As the generous but commanding Tiger Lily, Raye Zaragoza turns in a splendid performance. Her strong vocals are on display in the group number “Friends Forever,” which features glorious dancing from the entire Company including a fast-paced tap segment to close out the first act.
The remainder of the cast including the Pirates, Lost Boys and the Tribe all contribute to this fantastic production.
[a]"sparkling production, technical excellence and a talented, multi-cultural young cast..."
Anna Louizos’ brilliantly designed set adds much beauty to the production. The scenes at Neverland with its lush flora that serve as a hideout for the “Lost Boys” are gorgeous.
David Bengali’s projections are eye-popping and nothing short of spectacular. The “I’m Flying” number midway through the first act is breathtaking and worth the price of admission. And a spotlight should shine on Paul Kieve for the creative “Tinker Bell” design, which is exceptional.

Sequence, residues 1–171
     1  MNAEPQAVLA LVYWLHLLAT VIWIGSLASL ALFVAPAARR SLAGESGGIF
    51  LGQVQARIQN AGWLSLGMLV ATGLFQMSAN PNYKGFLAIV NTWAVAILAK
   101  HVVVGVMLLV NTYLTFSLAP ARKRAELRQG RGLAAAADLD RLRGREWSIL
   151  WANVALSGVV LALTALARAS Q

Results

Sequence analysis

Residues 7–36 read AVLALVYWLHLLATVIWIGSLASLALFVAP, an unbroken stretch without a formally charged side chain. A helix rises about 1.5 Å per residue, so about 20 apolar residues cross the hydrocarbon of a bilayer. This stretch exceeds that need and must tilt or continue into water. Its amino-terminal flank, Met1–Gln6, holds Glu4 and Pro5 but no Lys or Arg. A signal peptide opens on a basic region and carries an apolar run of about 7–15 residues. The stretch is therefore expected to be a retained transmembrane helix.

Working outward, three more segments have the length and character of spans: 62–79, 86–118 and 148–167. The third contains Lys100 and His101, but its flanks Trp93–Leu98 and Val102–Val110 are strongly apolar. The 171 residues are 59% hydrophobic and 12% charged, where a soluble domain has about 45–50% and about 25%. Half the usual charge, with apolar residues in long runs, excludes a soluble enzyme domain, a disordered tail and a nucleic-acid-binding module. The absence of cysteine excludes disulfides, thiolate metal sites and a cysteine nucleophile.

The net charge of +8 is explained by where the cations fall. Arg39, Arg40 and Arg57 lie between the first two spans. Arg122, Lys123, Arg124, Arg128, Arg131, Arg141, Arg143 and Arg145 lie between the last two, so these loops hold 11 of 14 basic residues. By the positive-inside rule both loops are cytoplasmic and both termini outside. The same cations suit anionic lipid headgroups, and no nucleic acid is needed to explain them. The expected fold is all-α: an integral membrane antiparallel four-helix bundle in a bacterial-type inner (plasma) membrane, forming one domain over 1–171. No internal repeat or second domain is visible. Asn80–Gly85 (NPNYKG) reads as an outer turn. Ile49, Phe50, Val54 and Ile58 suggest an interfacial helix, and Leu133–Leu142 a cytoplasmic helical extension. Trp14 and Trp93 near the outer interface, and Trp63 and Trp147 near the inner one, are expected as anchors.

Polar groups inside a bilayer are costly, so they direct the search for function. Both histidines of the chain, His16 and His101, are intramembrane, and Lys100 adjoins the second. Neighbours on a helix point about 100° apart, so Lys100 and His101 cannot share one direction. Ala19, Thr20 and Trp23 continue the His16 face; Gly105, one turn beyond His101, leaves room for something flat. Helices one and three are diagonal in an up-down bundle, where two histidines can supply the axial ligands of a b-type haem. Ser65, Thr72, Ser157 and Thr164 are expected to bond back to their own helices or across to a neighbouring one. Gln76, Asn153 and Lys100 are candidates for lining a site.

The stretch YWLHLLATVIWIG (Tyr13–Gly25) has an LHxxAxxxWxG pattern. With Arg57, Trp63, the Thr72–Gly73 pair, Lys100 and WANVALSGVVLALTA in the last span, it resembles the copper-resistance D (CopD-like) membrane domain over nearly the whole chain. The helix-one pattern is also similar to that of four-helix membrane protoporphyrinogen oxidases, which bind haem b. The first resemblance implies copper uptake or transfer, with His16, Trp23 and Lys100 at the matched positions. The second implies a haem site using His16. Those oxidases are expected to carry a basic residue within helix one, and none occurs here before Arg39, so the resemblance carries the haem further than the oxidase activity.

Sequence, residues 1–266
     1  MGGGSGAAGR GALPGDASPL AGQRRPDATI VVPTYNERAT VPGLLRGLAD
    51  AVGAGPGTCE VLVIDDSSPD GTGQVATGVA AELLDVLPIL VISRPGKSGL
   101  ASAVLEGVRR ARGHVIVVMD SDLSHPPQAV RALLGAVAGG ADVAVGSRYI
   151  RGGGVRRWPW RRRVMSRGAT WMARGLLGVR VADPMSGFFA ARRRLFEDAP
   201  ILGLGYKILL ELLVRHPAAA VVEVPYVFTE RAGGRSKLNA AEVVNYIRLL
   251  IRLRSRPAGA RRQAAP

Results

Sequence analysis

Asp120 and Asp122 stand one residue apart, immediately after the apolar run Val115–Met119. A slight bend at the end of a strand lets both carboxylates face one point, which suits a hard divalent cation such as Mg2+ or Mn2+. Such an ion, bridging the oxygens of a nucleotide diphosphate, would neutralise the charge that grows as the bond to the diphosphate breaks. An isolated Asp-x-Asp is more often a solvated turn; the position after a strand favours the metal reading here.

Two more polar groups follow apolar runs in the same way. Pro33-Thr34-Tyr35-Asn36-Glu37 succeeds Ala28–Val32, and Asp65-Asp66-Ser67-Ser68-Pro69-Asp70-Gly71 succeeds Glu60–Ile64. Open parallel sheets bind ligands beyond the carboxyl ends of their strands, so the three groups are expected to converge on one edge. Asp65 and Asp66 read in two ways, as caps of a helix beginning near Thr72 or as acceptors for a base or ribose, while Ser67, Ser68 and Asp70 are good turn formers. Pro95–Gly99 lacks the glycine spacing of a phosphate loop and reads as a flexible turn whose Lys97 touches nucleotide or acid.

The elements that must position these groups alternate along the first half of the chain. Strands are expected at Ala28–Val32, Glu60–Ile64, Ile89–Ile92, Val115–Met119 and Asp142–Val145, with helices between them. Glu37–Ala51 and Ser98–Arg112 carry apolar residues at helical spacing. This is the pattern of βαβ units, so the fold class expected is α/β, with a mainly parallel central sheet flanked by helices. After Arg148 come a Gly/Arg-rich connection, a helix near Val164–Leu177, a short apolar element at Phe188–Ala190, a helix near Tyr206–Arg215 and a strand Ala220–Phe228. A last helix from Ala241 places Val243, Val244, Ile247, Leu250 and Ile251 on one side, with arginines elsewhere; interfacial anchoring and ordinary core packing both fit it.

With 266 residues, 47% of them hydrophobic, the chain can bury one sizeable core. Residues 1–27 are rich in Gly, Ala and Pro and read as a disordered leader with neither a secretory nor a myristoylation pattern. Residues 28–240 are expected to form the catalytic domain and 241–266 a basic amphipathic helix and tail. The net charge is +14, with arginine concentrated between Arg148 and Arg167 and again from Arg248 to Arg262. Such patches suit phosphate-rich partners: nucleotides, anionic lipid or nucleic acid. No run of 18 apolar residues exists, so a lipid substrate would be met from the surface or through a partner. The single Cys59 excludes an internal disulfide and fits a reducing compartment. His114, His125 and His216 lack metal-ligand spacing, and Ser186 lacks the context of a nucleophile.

Amith Chandrashaker is on point with his rich and effective lighting design. Kai Harada should get applause not only for the quality of the sound but the impressive sound effects throughout the production.
The astonishing fight scenes are directed by Rick Sordelet and Christian Kelly-Sordelet with music and dance arrangements by David Dabbon.
And Sarafina Bush’s stunning costume design makes it a lot easier to imagine what went on in Neverland.
Peter Pan is a high-flying musical that melds an wealth of talent, a solid score and creativity. I, for one, never wanted to grow up and didn’t. This is a must-see show for all ages whether you have grown up or not.
Running time. Two hours and 15 minutes with an intermission.
Peter Pan runs through February 25 the Hippodrome Theatre at the France-Merrick Performing Arts Center, 12 N. Eutaw St, Baltimore, MD 21201. For tickets, call Ticketmaster at 800-982-ARTS or visit ticketmaster.com or BaltimoreHippodrome.com.
Photos: Matthew Murphy